Since the announcement in September, investor sentiment has once again started to become bearish.
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New York, NY (PRWEB) December 05, 2012
Profit Confidential, an e-letter of Lombardi Publishing Corporation, a 26-year-old consumer publisher that has served over one million customers in 141 countries, reports that the recent bullish sentiment is not rooted in sound fundamentals, but rather unfounded optimism after a third round of quantitative easing was announced in September.
In a recent article, financial analyst Sasha Cekerevac notes that the rise in investor sentiment was not built on a market view of substantially higher revenue and corporate earnings, but on the rush of additional cash into the financial system. The problem with such a market view, he contends, is that this is not a sustainable, long-term solution for either stocks or the economy.
“Since the announcement in September, investor sentiment has once again started to become bearish. People are realizing that there are significant economic structural issues that cannot and will not be resolved by simply pumping more money into the financial system,” says Cekerevac.
An interesting divergence in the market view between sectors has been that high-end retailers are immune to the negativity purveying the general economy. However, this might not be playing out.
Tiffany & Co. just released its earnings guidance for the full fiscal year, coming in at $3.20–$3.40 per share. This is dramatically reduced from earlier guidance of $3.55–$3.75. (Source: “Tiffany Reports Its Third Quarter Financial Results,” Tiffany & Co., November 29, 2012.)
For the 2012 third quarter, which ended October 31, the company said that corporate earnings fell 30.0% year-over-year to $63.0 million. Two areas of concern are the decrease in gross margins to 54.4% in third-quarter 2012, compared to 57.9% last year; and the significant increase in inventory to $2.3 billion at the end of the quarter, up 11.0% year-over-year.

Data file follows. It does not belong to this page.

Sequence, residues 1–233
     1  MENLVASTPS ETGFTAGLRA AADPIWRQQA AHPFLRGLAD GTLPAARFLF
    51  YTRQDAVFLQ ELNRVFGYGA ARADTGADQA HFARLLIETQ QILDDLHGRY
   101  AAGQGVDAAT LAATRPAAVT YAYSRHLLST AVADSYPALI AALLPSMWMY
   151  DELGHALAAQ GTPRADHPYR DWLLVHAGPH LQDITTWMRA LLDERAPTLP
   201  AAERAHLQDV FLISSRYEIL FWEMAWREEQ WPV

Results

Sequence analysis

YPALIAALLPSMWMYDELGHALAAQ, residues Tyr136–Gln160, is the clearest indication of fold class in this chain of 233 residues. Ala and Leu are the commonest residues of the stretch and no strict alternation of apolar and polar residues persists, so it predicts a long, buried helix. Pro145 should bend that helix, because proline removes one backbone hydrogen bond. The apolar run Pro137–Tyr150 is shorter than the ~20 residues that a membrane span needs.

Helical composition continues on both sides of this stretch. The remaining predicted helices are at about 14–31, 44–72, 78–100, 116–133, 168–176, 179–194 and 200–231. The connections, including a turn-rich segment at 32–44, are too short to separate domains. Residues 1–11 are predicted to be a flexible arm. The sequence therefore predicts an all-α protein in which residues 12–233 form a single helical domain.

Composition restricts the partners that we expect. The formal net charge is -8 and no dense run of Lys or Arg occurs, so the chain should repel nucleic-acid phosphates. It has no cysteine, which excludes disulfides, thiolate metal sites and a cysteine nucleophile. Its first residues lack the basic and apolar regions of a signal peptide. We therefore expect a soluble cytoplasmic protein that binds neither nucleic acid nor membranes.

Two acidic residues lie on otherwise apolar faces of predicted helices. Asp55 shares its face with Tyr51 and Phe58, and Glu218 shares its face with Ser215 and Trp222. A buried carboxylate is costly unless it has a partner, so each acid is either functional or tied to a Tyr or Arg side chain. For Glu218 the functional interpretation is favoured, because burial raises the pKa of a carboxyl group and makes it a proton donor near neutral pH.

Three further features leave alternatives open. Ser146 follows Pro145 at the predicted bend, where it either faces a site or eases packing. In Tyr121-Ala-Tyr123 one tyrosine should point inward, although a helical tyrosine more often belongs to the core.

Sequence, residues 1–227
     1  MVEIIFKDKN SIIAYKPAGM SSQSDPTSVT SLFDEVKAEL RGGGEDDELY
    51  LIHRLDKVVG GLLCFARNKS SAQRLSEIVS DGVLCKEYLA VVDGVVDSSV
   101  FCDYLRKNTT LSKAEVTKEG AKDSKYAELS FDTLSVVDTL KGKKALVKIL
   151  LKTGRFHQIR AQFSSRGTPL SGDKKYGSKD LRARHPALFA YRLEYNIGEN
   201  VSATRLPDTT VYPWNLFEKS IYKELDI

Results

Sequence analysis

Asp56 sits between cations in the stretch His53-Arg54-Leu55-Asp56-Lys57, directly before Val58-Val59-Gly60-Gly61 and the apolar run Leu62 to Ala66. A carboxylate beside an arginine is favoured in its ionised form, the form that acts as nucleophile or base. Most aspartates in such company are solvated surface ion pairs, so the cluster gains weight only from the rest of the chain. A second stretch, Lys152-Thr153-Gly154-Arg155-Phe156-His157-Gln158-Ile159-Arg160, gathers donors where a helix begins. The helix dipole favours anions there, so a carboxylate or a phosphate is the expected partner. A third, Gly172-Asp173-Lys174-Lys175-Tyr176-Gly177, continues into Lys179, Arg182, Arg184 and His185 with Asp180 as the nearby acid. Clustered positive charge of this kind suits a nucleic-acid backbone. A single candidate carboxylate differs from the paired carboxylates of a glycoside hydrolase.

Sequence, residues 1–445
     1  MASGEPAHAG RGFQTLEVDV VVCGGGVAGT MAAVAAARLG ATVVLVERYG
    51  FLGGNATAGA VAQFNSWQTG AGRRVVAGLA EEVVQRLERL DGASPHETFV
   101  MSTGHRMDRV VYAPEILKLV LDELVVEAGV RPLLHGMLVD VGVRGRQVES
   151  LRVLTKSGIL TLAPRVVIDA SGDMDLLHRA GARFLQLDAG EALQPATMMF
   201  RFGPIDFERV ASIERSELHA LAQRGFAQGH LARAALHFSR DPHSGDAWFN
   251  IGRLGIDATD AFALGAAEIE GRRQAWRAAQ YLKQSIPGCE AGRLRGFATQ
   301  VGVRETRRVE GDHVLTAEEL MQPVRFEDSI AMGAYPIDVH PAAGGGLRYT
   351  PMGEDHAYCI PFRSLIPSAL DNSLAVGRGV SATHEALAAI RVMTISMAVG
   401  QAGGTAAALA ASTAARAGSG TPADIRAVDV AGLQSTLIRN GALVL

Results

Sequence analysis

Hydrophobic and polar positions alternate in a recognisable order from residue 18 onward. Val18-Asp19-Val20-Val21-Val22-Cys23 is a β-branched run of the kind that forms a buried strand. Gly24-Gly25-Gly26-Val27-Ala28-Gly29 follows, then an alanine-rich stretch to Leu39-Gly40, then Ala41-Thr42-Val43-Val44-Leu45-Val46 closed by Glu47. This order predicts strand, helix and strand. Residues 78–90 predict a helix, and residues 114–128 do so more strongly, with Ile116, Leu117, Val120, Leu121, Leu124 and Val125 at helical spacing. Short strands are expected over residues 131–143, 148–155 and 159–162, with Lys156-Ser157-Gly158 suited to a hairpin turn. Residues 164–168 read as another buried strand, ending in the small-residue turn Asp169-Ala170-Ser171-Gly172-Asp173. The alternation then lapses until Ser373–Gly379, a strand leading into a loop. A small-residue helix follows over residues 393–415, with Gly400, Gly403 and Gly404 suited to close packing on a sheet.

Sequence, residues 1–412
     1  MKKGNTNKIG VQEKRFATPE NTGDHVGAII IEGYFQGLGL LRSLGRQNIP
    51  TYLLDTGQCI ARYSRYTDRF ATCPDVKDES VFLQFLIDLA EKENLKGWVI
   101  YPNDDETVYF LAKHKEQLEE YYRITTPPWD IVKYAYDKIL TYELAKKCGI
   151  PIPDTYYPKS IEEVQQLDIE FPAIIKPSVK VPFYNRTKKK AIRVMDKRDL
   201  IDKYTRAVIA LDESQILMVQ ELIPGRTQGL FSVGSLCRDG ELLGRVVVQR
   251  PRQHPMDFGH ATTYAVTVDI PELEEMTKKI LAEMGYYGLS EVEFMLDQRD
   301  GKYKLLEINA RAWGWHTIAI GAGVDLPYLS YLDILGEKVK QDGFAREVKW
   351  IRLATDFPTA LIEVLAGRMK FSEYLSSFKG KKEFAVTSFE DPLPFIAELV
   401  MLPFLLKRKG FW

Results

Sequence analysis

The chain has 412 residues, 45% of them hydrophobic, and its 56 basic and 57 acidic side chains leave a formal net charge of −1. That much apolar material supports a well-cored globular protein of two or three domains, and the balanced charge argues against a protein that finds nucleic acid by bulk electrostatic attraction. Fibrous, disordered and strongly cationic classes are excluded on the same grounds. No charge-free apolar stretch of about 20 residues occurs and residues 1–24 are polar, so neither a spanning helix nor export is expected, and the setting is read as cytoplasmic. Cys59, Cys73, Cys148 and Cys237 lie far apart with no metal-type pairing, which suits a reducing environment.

“Clearly, the decrease in guidance is a shock to investor sentiment. The market view had been expecting a company like Tiffany’s to weather the storm building internationally. Obviously, this is not the case, and with such a large increase in inventory and a continued decline in profit margins, the situation might be getting worse,” Cekerevac adds.
The shift in guidance has meant a substantial decrease in the market view of the stock, subsequently leading to a drop in price. The stock has fallen to its 50.0% retracement level, at approximately $59.00 per share.
Cekerevac comments, “Investor sentiment will need to see a substantial increase in future prospects of the company for the price of its shares to begin moving up once again … even following this decrease, the market view might still be somewhat optimistic, considering the inventory build-up.”
He concludes, “Considering the fiscal uncertainty in America, as well as the constant financial mess in Europe and the questionable growth rate of China’s economy, it will take a substantial amount of momentum for investor sentiment to regain its previous level of confidence.” He is cautious with his market view for Tiffany’s and many other retail stocks at this moment.
Founded in 1986, Lombardi Publishing Corporation, which has served over one million customers in 141 countries, is one of the largest consumer information publishers in the world. For more information on Lombardi Publishing Corporation, and to get its popular Profit Confidential e-letter sent to you daily, visit http://www.profitconfidential.com. Or, visit http://www.lombardipublishing.com/customer-service.html.